great article! I love raclette, and I am sooo excited to learn about the pierrade. I just got finished blogging about raclette. Here is the entry - called Vive La Raclette!
Celeste LeTard Williams |
March 11, 2006 1:25 PM
Oh Meg! The site you mentioned has next to nothing to do with raclette. A good site with lots of recipes, history and explanations to what is raclette is here: http://www.raclette.com.au/
Or simply look into wikipedia...
December 10, 2006 4:27 PM
John, thanks for the links. I wrote this post over two years ago and I'm not sure that Wiki was the phenomenon it is today (or if it was already I was unaware). I'm glad to see that raclette is a bit easier to find on the web these days!
Meg in Paris |
December 12, 2006 1:47 PM
How can i find some full explained (ingredients and quantities) raclette + pierrade menù?
I wasn't able to find any dedicated site except commercial ones.
Thanx in advance,
September 23, 2007 1:06 PM
Well, for the raclette part of the meal, the only ingredients you need are raclette cheese and potatoes and perhaps a few slices of ham per dinner guest. I believe 250 grams of cheese per guest is the usual amount of cheese and say 5-6 small potatoes per guest.
If you are making both meat and cheese, I would cut back to 200 grams of cheese per person and add perhaps half a chicken breast or half a steak per person.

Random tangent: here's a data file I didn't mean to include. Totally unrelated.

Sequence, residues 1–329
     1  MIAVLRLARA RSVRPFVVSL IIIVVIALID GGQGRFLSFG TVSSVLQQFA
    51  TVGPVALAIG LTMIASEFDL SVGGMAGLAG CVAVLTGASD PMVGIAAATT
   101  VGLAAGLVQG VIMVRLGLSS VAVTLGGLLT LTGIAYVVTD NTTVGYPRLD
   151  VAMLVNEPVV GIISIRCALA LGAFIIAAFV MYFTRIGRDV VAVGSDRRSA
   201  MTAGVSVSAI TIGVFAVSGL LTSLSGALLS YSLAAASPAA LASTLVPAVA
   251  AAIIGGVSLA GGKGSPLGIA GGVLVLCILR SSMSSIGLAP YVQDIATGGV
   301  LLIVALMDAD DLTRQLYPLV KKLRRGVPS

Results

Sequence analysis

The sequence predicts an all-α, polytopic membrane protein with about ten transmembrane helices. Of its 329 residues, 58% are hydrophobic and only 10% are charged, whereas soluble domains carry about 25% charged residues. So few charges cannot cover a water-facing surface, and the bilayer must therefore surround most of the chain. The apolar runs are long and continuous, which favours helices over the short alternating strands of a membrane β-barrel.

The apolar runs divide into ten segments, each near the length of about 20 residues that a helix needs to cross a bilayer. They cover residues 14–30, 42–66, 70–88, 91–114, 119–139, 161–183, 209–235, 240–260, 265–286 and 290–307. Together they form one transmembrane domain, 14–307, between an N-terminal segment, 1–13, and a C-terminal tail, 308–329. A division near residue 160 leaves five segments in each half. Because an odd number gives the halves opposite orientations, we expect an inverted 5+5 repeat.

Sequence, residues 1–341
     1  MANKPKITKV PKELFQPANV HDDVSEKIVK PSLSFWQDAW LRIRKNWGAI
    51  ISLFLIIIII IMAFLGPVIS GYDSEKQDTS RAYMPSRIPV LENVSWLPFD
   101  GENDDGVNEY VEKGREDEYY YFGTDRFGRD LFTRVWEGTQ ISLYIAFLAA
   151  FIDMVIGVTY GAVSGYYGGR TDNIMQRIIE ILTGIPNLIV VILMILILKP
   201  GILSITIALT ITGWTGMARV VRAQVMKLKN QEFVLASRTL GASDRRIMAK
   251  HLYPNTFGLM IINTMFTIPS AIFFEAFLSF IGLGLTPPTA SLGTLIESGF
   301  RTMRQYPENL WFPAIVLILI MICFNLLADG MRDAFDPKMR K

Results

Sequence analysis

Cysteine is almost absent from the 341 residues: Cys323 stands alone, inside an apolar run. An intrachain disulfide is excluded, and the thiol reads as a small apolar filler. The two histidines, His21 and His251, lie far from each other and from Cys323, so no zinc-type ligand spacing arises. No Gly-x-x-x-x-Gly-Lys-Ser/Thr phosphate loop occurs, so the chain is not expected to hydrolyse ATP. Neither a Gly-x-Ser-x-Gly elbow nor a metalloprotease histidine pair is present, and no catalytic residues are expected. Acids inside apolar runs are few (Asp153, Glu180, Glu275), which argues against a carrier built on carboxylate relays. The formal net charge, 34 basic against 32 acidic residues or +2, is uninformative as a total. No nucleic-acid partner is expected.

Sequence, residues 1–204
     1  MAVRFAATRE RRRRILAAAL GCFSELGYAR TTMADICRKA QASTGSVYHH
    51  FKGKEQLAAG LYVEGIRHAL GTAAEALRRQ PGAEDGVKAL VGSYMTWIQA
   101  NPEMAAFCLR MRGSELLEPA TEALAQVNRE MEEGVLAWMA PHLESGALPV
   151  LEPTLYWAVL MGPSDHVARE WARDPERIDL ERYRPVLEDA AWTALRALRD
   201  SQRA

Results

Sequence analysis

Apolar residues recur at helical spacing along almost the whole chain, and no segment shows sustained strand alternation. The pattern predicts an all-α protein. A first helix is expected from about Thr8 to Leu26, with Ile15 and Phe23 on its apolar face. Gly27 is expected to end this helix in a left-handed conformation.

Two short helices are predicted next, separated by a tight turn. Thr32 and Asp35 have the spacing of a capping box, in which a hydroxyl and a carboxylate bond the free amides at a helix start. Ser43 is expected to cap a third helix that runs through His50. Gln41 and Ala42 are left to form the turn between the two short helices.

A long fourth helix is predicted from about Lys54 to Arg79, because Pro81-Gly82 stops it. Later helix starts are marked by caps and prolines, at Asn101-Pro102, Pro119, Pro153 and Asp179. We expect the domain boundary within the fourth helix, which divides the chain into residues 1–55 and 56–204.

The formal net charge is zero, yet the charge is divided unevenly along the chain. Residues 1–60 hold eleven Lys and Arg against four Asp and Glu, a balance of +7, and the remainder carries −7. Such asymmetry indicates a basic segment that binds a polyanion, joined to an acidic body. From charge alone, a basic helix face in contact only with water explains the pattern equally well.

It's not really a recipe per se, so much as a method of cooking a meal. And there are a number of tasty sauces to go with the meat side of the meal: peppercorn sauce or bearnaise or just some mushrooms sautéed with garlic and butter and parsley. Even A1 sauce can be nice in a pinch!
I hope that helps a bit? If you want to order true Raclette cheese in the US, there is a site I have used twice that seems pretty good (wasn't able to taste the cheese myself as it was a gift): http://www.fromages.com/
Meg in Paris |
September 24, 2007 10:31 AM
I am looking for a "potato bucket" used to store hot potatoes for raclette dinners. My mother-in-law purchased one many years ago in Switzerland. It is wood with a lid and 2 fixed handles on each side. The inside is insulated. Anyone know where I can purchase one?? Thanks
November 11, 2007 1:26 PM
Susan, I've never seen the bucket you describe in France. That said, I usually boil my potatoes in a Le Creuset pot and after draining them return them to the still-warm pot and put the lid on. They stay pretty warm that way!
Meg in Paris |
November 15, 2007 3:59 PM
hallo. I have a Swiss bought pierrade with room for about 12 little shovel dishes underneath. I bouht it a number of years ago and canot remember what one should/could put in the little dishes apart from cheese! please clarify. thanks
July 1, 2008 4:25 AM
I saw wooden potato buckets in La Clusaz last week but I have never seen them in Paris. You could probably call the La Clusaz tourist office or the mairie for the address of the store opposite the tourist office that carries this products.
Bob in Paris
Bob in Paris |
March 15, 2009 5:57 AM